You know, my wife and I always joke, like when we get to that gridlocked place, we have to go to the lowest common denominator of connection. And that, for us, is we put on The Big Lebowski and we get a six-pack of beer and we sit next to each other and we just enjoy it. And we don't talk. And then the good vibes start to happen. And then slowly one of us says, "Hey, I'll order some Thai food." Let me do it. And then the other person says, "Oh, that was nice." And then the other person brings them the Thai food. And then literally, brick by brick, you get yourself back to the place of good feeling and communication.

So I started thinking, what is the lowest common denominator between, you know, conservatives? Between liberals. What is something that we can share without screaming?

And I thought to myself, well, what about charitable giving? I continually hear that conservatives actually give more to charity than -- than a lot of liberals do. And I know a lot of that is church-based. And everybody can get into an argument about that. But whatever. Put that away. Everybody likes to take care of sick children. Everybody believes that clean water systems installed in third world countries for relatively cheap that are sustainable are a good thing, you know.

And so I said, what if I can find some -- just reach out a little bit and find some of these campaigns that maybe we could share and in the positive spirit of giving, without yelling at each other, just focus on the giving, maybe you might grow something. I don't know. It's still early. It's all half-baked in my head, to be honest. But this is the pool I'm trying to step into at the moment.

GLENN: How does it make you feel that that is exactly the same pool that Glenn Beck stepped into? What does that say about you, Mark, really seriously?

PAT: That says you better not open up your Twitter account page.

(laughter)

MARK: I mean, it's phenomenal. I mean, honestly, this is like, all I am looking for right now is a connection point. And I have been -- I was so guilty in mid-November of like getting on Twitter and proselytizing about why I was right and finding new and interesting and multisyllabic ways to slam Trump, you know, which --

GLENN: See, another point in common.

(laughter)

MARK: Exactly. And so I look back, and I'm like, "Why am I doing this? This is at best further marginalizing us. And at worst, just losing half of my fans who don't even care about what I'm saying now." And I just started to think, "This doesn't feel like the right way. And deep in my gut, I know that when my brother and I get into emotional trouble or my wife and I, or my friends and I, or my parents do, that always the way forward is to, regardless of whether who started it, regardless of who was more unfair or who was louder with their words, I always know deep in my gut, I have to step forward first. I have to be the one. I would love it if someone else did it. But, you know what, who cares. Put that away. Be the one, step forward. And when you do that, it usually ends up working out pretty well.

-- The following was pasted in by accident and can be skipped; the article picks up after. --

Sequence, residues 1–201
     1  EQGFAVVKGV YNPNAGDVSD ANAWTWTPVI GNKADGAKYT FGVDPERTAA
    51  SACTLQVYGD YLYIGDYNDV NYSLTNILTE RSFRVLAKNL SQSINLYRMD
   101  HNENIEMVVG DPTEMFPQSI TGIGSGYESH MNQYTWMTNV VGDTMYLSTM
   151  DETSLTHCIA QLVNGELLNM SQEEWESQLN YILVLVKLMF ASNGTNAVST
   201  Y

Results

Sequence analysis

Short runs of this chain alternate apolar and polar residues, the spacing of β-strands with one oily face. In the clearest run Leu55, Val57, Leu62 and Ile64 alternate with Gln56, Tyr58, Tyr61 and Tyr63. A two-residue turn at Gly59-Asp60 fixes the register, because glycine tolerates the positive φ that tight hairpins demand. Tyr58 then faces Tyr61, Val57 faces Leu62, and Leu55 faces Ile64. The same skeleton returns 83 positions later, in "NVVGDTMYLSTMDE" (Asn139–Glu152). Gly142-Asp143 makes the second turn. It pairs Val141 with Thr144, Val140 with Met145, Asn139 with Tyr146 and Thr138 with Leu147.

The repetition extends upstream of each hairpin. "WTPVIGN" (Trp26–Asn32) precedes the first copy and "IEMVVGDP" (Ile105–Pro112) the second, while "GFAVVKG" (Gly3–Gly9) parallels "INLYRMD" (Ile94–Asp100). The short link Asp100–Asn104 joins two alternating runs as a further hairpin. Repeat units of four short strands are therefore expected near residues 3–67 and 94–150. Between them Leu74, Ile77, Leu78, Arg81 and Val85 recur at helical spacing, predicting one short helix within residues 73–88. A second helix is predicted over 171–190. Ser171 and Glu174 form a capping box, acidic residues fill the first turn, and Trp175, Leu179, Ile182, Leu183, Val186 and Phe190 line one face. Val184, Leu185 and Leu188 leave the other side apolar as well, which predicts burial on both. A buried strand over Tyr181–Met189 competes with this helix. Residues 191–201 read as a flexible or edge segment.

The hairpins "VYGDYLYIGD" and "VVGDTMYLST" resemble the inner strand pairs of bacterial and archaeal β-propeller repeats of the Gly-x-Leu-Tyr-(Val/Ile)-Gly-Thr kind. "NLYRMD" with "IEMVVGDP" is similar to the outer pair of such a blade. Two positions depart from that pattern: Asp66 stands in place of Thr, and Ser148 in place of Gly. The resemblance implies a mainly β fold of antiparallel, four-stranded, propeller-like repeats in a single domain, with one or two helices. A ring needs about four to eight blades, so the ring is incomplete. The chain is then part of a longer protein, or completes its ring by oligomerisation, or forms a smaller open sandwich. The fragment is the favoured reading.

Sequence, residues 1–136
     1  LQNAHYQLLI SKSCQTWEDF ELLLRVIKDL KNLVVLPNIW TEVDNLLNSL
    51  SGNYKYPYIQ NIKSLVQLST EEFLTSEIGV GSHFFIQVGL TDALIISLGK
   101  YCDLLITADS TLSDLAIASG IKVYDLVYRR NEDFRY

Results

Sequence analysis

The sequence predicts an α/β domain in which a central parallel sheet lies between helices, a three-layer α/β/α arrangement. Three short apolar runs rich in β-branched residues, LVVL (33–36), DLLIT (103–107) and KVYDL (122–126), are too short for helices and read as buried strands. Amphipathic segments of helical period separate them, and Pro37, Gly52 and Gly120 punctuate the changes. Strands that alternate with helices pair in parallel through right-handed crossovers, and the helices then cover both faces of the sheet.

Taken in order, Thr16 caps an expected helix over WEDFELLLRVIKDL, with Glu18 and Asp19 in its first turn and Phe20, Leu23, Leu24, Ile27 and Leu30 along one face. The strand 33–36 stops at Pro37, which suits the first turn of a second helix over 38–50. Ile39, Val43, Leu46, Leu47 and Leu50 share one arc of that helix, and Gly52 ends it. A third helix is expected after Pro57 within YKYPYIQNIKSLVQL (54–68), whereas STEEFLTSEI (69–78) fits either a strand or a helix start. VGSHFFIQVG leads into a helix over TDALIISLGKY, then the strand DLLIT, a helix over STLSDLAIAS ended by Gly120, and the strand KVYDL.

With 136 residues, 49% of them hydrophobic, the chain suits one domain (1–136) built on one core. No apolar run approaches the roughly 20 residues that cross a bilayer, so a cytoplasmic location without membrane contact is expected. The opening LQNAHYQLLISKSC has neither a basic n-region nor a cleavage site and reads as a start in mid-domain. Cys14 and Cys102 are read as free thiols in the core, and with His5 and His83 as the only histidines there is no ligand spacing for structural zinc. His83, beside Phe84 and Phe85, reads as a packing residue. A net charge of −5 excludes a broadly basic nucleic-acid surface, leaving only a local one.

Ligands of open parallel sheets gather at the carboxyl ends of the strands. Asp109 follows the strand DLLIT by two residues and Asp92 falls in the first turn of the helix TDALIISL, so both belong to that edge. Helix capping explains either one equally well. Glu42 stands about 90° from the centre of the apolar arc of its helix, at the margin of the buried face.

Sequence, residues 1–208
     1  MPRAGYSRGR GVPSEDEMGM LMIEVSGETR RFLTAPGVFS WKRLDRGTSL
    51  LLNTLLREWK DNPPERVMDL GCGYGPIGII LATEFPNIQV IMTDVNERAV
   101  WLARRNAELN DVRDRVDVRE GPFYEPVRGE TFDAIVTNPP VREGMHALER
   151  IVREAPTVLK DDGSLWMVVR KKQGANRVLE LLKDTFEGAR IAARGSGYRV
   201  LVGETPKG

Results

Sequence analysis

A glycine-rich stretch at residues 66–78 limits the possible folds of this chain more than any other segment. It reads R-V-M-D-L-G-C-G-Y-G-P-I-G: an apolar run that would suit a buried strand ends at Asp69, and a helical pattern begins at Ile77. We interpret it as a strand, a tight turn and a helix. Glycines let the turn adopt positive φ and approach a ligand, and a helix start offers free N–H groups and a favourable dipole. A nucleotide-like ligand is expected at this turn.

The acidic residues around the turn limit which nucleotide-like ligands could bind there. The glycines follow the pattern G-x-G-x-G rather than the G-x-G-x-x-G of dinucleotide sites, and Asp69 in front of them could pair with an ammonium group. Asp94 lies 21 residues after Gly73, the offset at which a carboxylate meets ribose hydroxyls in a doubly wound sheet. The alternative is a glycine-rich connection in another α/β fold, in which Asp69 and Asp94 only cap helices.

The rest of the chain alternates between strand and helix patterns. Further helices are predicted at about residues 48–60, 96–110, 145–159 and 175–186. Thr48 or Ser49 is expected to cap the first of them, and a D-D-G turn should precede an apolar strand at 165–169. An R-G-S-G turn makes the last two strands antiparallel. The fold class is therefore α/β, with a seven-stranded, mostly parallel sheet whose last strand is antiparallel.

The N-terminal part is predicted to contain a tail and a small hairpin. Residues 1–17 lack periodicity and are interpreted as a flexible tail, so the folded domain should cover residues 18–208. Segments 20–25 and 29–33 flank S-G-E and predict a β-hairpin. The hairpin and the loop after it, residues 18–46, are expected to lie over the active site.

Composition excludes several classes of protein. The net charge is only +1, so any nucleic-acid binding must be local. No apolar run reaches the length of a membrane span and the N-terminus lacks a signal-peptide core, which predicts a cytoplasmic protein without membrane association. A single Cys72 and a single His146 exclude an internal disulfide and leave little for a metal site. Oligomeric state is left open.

So, you know, for me, the fact that you heard that and you reached out and said, you know, come on my program and let's talk about this. This is super exciting to me. Because I guess I'm in a bit of a fact-gathering mode. Like, I first started talking to people with the question of, if you held your nose and voted for Trump, I get you. I have nothing against that, honestly. Nobody has a favorite politician anymore. You know, we're too aware of the machinations. We read too much news. So if you just thought to yourself, "You know what, there's a Supreme Court justice coming up, long-term, I want to get a G.O.P. guy in there so that, you know, I will get the right appointee or I'm a one-issue voter, such as I'm a pro-life voter," I can understand that. But if you're on fire for Trump, if you're in love with the guy, tell me why. You know --

GLENN: We can't help you -- we can't help you with that, Mark. I don't know if you know anything about us at all, but we can't help you on that one.

MARK: Yeah, I do. And I do.

GLENN: Yeah, we feel exactly the same way.

MARK: No one -- no one is on fire for Trump. There are a couple of really frightening people on Twitter who are in love with Trump. But, by the way, there are just as many of those frightening people on the left. So that's not a party divide thing. There's always the outliers there.

So what I have learned, interestingly enough, in doing that, is no one is on fire.

There are, you know, tons of reasons. The last thing I want to be is be reductive in any way about a large group of people who may have voted for him. But I keep getting these really, I guess fascinating answers for me, which are sort of like, I felt hopeless. I felt like Obama left me behind. This guy was a hail Mary. I didn't know what he was going to do. He was an other. And I felt the lack of political jargon. I felt that his candor and just the feeling that he was being truthful and his words weren't well rehearsed, made them feel like he was like them. So they said, "I want to take a chance on him."